Using variables with Invoke-Command in Remote PowerShell sessions in Exchange Online

As many of you probably know, Remote PowerShell sessions connected to Exchange Online run in the “no language” mode. This can easily be verified via:

(Get-PSSession | ? {($_.configurationname -eq "microsoft.exchange") -and ($_.Runspace.ConnectionInfo.ConnectionUri.Host -eq "outlook.office365.com")}).Runspace.SessionStateProxy.LanguageMode

Same applies to Skype for Business Online sessions, and in general is a pain in the royal behinds, as it prevents you from using variables, operators and everything else that can make your life easier. There are certain workarounds available, but in general they are still subject to limitations and can make the code very complex.

Another important limitation with Remote PowerShell sessions is the sessions stability. Everyone that has used some long running script in Exchange Online has run into this, and it’s not pretty. Some code optimizations are mandatory for such cases, and Microsoft has posted some guidance around them on the Exchange blog. Even those recommendations suffer from the aforementioned “no language mode” problem!

To better illustrate the issue, let’s take a look at the following example: we want to get a list of details for all the mailboxes in our company created after specific date. We can certainly use server-side filters to achieve this, which greatly increases efficiency:

Get-Mailbox -Filter {WhenMailboxCreated -gt "01 Jan 2016"}

With the recommendations from the blog article in mind however, we might want to use the Invoke-Command approach and return only the data that we need instead of the full objects. Using the $session variable to designate a currently opened ExO session, a working solution will look something like this:

$session = Get-PSSession -InstanceId (Get-OrganizationConfig).RunspaceId.Guid

Invoke-Command -Session $session -ScriptBlock { Get-Mailbox -Filter 'WhenMailboxCreated -gt "01 Jan 2016"' | Select-Object -Property Displayname, Identity, PrimarySMTPAddress, RecipientTypeDetails }

So far so good, but once we start looking into ways to make this a function, script or simply use some variable to designate the date, things start to get messy. The good news is it’s still doable though! Here’s an example that will work with PowerShell v3 and later, by means of exploiting the Using scope modifier:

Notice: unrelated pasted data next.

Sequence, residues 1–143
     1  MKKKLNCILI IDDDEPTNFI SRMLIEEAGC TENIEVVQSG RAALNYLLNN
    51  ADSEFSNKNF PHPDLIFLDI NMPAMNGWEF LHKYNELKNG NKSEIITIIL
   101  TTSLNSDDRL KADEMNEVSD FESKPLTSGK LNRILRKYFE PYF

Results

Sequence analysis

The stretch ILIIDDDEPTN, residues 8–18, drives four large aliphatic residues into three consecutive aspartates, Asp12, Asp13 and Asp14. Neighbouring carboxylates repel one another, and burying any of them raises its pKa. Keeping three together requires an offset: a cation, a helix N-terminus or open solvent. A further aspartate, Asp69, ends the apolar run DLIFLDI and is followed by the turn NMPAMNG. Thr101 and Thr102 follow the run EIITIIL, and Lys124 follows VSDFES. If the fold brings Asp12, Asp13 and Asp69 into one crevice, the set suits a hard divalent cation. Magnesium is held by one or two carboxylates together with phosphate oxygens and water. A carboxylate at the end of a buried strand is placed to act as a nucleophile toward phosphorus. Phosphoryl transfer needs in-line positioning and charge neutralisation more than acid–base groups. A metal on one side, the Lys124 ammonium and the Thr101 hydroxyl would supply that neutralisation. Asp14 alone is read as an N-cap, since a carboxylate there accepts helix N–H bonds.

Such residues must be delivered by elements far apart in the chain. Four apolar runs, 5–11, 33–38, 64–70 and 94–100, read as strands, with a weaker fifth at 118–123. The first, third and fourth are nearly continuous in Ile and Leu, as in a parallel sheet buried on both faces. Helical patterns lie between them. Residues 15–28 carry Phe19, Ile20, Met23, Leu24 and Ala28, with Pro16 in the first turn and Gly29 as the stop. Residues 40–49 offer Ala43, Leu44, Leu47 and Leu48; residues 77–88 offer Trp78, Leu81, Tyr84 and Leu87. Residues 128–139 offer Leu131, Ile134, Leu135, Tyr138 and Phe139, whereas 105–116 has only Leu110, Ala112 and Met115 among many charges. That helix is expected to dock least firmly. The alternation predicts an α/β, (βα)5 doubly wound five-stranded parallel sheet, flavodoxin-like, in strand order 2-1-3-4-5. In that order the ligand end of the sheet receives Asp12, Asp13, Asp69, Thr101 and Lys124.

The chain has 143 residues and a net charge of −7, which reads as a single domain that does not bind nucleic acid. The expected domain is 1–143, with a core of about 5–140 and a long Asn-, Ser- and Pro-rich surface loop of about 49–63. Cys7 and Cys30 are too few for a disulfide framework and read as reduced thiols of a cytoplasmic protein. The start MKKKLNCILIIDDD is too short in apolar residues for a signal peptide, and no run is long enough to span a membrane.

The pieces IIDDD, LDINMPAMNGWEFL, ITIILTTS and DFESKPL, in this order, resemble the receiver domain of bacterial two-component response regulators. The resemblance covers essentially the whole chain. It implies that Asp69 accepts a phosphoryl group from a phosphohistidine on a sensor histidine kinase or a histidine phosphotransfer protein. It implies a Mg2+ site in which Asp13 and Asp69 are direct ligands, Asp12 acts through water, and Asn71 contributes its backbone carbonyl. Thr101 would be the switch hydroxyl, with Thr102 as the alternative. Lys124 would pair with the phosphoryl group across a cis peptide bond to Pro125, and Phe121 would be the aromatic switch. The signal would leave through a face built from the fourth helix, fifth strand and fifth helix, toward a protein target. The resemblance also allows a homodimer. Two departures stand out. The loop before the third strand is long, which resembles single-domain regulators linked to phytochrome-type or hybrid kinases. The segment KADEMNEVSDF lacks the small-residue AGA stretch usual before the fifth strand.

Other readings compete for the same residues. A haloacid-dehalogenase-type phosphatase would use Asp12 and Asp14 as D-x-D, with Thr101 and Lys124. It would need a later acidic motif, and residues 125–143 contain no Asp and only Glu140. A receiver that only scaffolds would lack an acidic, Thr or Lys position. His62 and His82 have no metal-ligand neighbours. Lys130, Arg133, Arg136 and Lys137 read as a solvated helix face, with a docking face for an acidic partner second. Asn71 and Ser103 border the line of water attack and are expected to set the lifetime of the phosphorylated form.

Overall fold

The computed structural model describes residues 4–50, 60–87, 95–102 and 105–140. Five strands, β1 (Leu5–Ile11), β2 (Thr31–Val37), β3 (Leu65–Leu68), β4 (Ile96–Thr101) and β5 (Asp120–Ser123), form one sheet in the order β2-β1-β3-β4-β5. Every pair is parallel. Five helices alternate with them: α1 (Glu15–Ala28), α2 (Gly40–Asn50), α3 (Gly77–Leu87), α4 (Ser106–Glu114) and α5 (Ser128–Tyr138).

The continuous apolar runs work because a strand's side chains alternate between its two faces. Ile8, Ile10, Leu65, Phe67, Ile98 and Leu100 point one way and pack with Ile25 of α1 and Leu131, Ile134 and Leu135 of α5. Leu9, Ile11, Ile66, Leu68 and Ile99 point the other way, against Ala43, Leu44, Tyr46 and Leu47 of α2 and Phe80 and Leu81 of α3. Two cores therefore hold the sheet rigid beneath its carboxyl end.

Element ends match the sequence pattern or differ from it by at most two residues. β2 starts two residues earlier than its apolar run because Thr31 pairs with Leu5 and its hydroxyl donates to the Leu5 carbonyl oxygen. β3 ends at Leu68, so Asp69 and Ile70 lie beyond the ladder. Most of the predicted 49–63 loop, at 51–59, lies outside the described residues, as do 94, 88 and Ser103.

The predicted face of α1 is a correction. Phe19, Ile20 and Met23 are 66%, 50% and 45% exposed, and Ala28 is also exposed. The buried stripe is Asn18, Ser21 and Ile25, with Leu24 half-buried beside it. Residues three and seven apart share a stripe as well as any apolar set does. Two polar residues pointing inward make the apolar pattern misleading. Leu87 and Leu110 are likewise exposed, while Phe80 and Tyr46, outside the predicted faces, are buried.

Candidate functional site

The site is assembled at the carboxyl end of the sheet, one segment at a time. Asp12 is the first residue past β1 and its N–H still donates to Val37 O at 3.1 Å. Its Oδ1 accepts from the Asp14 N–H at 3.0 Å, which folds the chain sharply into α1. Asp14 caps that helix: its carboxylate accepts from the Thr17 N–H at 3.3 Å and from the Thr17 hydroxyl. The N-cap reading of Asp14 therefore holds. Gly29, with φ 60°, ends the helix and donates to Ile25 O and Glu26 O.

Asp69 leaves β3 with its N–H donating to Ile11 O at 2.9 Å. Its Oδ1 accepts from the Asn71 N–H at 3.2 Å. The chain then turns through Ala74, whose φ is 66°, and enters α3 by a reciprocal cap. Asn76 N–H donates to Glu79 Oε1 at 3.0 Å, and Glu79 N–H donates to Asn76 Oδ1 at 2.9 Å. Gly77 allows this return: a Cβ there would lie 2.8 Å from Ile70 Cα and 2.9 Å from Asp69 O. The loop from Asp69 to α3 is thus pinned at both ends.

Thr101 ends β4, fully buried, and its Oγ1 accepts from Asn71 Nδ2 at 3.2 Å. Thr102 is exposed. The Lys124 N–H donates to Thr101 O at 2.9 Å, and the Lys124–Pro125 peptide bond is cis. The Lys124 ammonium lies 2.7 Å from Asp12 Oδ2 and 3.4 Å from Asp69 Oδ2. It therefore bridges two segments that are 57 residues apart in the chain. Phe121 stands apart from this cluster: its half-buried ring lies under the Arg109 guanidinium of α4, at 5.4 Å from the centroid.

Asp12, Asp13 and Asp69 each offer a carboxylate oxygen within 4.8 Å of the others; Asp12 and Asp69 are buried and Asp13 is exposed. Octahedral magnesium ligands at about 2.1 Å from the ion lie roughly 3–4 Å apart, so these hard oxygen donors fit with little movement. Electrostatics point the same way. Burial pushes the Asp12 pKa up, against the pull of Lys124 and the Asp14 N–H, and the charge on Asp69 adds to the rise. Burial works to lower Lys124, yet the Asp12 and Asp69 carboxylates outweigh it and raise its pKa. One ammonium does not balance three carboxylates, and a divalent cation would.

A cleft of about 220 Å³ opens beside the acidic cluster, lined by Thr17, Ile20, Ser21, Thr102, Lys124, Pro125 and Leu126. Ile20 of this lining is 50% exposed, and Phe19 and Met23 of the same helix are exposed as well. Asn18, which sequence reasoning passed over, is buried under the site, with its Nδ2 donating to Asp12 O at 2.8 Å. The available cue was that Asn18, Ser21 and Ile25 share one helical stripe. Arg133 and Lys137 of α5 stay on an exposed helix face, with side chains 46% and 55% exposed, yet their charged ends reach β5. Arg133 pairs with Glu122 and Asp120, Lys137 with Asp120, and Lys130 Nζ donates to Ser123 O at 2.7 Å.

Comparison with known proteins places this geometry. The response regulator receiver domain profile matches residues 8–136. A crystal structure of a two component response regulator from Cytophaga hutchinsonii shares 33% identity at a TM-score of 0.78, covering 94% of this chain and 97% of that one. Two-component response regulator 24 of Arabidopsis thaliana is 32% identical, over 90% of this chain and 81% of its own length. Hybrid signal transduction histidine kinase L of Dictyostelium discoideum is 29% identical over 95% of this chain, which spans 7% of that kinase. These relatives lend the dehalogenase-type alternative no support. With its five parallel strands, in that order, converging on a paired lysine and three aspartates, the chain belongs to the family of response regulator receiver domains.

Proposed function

$date = (Get-Date).AddDays(-250)

Invoke-Command -Session $session -ScriptBlock {Get-Mailbox -Filter ([scriptblock]::create("WhenMailboxCreated -gt '$using:date'")) | Select-Object -Property Displayname, Identity, PrimarySMTPAddress, RecipientTypeDetails }

The important bits: we need to use a Script block in order to prepare the filter syntax and we need to invoke the Using scope modifier to make sure the variable is evaluated locally. Remember, remote sessions running in “no language” mode do not allow you to set/reference remote variables!

For people still using older PowerShell versions (really?!), here’s a working example for V2:

Invoke-Command -Session $session -ScriptBlock {param($date) Get-Mailbox -Filter ([scriptblock]::create("WhenMailboxCreated -gt '$date'")) | Select-Object -Property Displayname, Identity, PrimarySMTPAddress, RecipientTypeDetails } -ArgumentList (Get-Date).AddDays(-250)

 

We can also use an example that does not require the need for using the Filter parameter and thus the scriptblock syntax inside the ScriptBlock parameter. For instance, if we want to get all mailboxes of the User and Shared type:

Invoke-Command -Session $session -ScriptBlock { Get-Mailbox -ResultSize Unlimited -RecipientTypeDetails UserMailbox,SharedMailbox | Select-Object -Property Displayname,Identity,PrimarySMTPAddress,RecipientTypeDetails }

Works great, but if we want to make it dynamic, by passing the mailbox type as parameter or a variable, we need to use something like this instead:

$included = @("UserMailbox","SharedMailbox")

Invoke-Command -Session $session -ScriptBlock { Get-Mailbox -ResultSize Unlimited -RecipientTypeDetails $Using:included | Select-Object -Property Displayname,Identity,PrimarySMTPAddress,RecipientTypeDetails }

Or in the old V2 format:

Invoke-Command -Session $session -ScriptBlock {param($log) Get-Mailbox -RecipientTypeDetails $log} -ArgumentList UserMailbox,TeamMailbox

So there you have it, a way to work around some of the restrictions of the “no language mode” for remote PowerShell sessions. It surely helped me simplify some of my scripts, by increasing their efficiency at the same time, so hopefully it will be useful to others as well!

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